Decision Time: The Fiscal Effects of Extending the 2001 and 2003 Tax Cuts

Decision Time: The Fiscal Effects of Extending the 2001 and 2003 Tax Cuts

Decision Time: The Fiscal Effects of Extending the 2001 and 2003 Tax Cuts by the nonpartisan Pew Fiscal Analysis Initiative examines the options being considered as the 2001 and 2003 tax cuts reach expiration.

The income tax cuts of 2001 were enacted when the federal budget was running a surplus. The tax cuts of 2003, designed to boost the economy as it was showing signs of weakness, were approved before the federal debt rose to the top of the national agenda. Both sets of cuts are scheduled to expire at the end of 2010, and in the coming months Congress and the administration will have to decide whether to extend them at a time when the debt is climbing steadily but the economy remains fragile.

As the expiration date looms, several options are on the table. One option is to extend the tax cuts indefinitely, making them permanent for all taxpayers. Another is to limit the extension to individuals making less than $200,000 and married couples earning less than $250,000. In light of the continuing weakness in the economy, some have proposed extending the tax cuts for everybody for another two years. Finally, there is the option of allowing the cuts to expire as scheduled.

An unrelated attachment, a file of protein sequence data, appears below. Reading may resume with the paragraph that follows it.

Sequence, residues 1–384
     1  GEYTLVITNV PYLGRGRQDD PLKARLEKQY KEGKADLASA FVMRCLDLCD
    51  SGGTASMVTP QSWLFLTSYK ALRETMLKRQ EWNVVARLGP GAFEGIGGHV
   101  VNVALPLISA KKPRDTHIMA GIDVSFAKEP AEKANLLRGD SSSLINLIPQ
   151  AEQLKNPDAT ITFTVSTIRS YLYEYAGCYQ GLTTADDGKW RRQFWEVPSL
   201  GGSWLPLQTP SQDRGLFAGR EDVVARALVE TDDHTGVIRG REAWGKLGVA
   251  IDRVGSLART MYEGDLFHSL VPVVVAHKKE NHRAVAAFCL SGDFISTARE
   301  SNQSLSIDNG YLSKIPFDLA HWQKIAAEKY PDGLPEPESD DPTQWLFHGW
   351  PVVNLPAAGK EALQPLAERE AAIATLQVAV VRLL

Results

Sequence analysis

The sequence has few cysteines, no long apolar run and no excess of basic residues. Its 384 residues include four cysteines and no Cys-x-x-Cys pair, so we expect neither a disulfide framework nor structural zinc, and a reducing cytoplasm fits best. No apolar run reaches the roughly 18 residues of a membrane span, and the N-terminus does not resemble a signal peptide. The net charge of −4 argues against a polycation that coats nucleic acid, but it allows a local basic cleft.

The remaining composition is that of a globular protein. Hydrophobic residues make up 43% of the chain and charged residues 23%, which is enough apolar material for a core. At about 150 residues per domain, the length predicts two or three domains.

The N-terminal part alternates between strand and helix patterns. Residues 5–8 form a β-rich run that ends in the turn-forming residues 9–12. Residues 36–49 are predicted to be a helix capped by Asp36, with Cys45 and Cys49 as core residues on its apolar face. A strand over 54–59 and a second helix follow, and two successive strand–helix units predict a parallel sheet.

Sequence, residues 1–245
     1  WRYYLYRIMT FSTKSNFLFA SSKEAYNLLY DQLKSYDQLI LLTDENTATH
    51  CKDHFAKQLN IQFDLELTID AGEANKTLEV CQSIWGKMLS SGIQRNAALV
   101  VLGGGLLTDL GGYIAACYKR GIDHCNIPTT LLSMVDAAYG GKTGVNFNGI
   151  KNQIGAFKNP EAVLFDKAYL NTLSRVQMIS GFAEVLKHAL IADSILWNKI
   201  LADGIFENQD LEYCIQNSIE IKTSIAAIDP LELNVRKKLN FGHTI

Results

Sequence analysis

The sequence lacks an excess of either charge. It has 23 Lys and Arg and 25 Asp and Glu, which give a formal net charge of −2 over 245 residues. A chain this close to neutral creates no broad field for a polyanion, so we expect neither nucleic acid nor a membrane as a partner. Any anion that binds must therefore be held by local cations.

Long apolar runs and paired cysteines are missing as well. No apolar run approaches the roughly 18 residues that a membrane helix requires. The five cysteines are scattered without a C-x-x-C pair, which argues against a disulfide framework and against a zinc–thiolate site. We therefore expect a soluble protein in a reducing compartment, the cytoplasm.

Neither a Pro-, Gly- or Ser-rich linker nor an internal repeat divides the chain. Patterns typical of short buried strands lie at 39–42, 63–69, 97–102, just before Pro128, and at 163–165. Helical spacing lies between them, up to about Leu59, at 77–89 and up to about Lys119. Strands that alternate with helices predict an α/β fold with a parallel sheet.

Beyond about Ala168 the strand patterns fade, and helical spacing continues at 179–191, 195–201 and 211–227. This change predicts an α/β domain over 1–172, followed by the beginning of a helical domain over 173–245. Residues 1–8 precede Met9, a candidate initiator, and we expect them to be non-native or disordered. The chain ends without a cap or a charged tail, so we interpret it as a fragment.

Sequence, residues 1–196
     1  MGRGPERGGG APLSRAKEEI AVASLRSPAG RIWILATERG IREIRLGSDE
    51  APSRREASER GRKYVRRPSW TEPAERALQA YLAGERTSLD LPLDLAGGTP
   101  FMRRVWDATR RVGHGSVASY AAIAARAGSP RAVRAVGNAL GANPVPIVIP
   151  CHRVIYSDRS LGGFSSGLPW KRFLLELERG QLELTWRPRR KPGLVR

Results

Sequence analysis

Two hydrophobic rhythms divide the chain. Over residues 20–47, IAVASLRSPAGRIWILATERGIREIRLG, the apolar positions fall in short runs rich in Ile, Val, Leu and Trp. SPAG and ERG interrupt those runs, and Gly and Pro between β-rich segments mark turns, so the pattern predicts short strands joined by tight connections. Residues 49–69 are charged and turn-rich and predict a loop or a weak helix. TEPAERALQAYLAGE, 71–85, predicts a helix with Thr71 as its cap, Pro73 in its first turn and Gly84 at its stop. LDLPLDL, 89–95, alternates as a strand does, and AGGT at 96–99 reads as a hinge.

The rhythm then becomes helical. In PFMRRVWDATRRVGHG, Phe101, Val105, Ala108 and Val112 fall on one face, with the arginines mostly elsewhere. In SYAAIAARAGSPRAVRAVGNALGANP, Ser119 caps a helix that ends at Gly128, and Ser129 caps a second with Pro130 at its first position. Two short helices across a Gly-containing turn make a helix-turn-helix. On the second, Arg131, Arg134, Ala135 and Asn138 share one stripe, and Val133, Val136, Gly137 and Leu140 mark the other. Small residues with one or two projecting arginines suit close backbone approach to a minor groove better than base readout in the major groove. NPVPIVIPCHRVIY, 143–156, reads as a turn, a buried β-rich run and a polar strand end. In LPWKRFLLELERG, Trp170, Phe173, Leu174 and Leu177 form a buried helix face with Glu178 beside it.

Note: An Addendum (PDF) to the report was released on September 2, 2010.

The front facade of the Supreme Court of the United States in Washington, DC.
ian-hutchinson-U8WfiRpsQ7Y-unsplash.jpg_master

Agenda for America

Resources for federal, state, and local decision-makers

Quick View

Data-driven policymaking is not just a tool for finding new solutions for emerging challenges, it makes government more effective and better able to serve the public interest.

Lightbulbs
Lightbulbs

States of Innovation

Data-driven state policy innovations across America

Quick View

Data-driven policymaking is not just a tool for finding new solutions for difficult challenges. When states serve their traditional role as laboratories of innovation, they increase the American people’s confidence that the government they choose—no matter the size—can be effective, responsive, and in the public interest.